Beyond the barriers, a city of love

  • Amarjit Singh Hayer
  • Updated: May 10, 2015 09:33 IST

Baba Bulleh Shah’s kalaam has enthralled me since childhood and I always yearned to visit his tomb in Pakistan. Fortunately, on a balmy day in March of 2006, my granddaughter Amrita and I got visa for four days and we finally crossed the Wagah Border on foot.

Next morning, Mr Rafiq of the Auqaf Board escorted us to Kasur, where we were welcomed with roses and smiles at Baba’s mazaar. Surprisingly, I saw no monument befitting the greatness of the sufi poet, but the qawaals who sang his kaafian, and the simple folks who sat listening, radiated a spiritual aura. Ved, Quranan parh parh thakey Sajdey kardiyan ghas gaye mathey Na rab tirth no rab makkey Jis paya tis noor anwaar Ishaq di navio navin bahar (Vedas and Quran I’m tired of reciting, My brow is worn out prostrating, God, I couldn’t find in Mecca or temples. The one who found him Is aglow with divine light. Love’s spring is ever new). Instantly, oblivious of the not-soclean physical surroundings, I was transported to the divine domain envisioned by the poet.

I realised that Bulleh Shah needs no monument to perpetuate his memory: it is enshrined in the hearts of millions of his admirers.

For me the visit was to fulfil of a life-long wish, and for a few moments I felt as if I were face to face with the great soul, who, transcending religious barriers, gave people the message of universal brotherhood.

We also visited some of the historical monuments. The main attraction at Badshahi Masjid is the relics of Prophet Mohammad, and at Lahore Fort paintings and coins both from the Mughal era and Maharaja Ranjit Singh’s rule.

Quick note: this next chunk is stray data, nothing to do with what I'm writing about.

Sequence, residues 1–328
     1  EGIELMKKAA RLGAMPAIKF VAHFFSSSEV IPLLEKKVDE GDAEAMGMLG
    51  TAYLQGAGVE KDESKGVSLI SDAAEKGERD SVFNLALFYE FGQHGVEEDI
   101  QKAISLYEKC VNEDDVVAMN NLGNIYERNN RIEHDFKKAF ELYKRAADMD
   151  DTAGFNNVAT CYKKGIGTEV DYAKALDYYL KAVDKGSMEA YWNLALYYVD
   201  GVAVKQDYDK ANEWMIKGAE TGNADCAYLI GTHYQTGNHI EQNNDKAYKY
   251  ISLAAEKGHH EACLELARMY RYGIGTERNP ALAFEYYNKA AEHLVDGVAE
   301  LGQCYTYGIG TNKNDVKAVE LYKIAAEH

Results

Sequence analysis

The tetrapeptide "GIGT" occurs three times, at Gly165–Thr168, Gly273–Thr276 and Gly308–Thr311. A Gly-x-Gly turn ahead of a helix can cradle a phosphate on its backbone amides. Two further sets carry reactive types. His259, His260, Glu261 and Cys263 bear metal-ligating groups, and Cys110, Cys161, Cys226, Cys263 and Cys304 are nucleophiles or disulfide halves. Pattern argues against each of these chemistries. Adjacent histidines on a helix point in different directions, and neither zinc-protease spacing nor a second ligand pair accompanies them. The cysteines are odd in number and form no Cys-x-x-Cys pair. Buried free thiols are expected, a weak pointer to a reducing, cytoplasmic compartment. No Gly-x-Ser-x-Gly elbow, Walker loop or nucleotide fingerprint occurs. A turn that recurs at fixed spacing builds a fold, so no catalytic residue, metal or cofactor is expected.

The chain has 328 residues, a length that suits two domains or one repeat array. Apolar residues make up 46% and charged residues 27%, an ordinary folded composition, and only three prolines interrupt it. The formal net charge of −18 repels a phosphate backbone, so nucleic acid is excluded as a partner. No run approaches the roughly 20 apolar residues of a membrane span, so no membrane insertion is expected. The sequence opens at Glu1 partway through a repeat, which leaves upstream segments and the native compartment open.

Across the river Ravi are tombs of Jehangir and Nur Jehan. The latter is in a state of utter neglect; it is an irony that the glamorous queen, who developed new varieties of roses and invented rose-scent, does not have a single rose on her grave.

A man, who fancied calling himself a guide, showed us the dark vault where the queen’s body lies buried. Mercifully, the rising sun’s rays kiss the grave each morning as does the setting sun in the evening.

“I’m so poor that there is neither a flower nor a flame on my grave,” Nur Jehan’s epitaph reads, the lines written by the empress herself much before her death, as if prophetic.

A city may be admired for its fine buildings, but it is people that make a place what it really is. Cultured people welcome strangers and honour their guests. And I must admit the people I met during my stay there won my heart. They were courteous, hospitable, large-hearted, in love with life. The images stuck on my mind are of a teenaged pillion rider greeting me, “Babaji Sasriakal”; Mian Qamar, manager of Kashmir Hotel, where we stayed, reciting Gayatri mantra and Vedic shloks in Sanskrit, which he had learnt as a student of DAV School, Gujranwala, before 1947; and a child addressing me at the Fort, “Sardarji kihal jey”.

From the smiles on the face of those two kids and the affection in their greetings, I could foresee that Indo-Pak friendship is on firm footing and has a bright future if only the oldies and politicians could shed their fears, hatred and prejudices.

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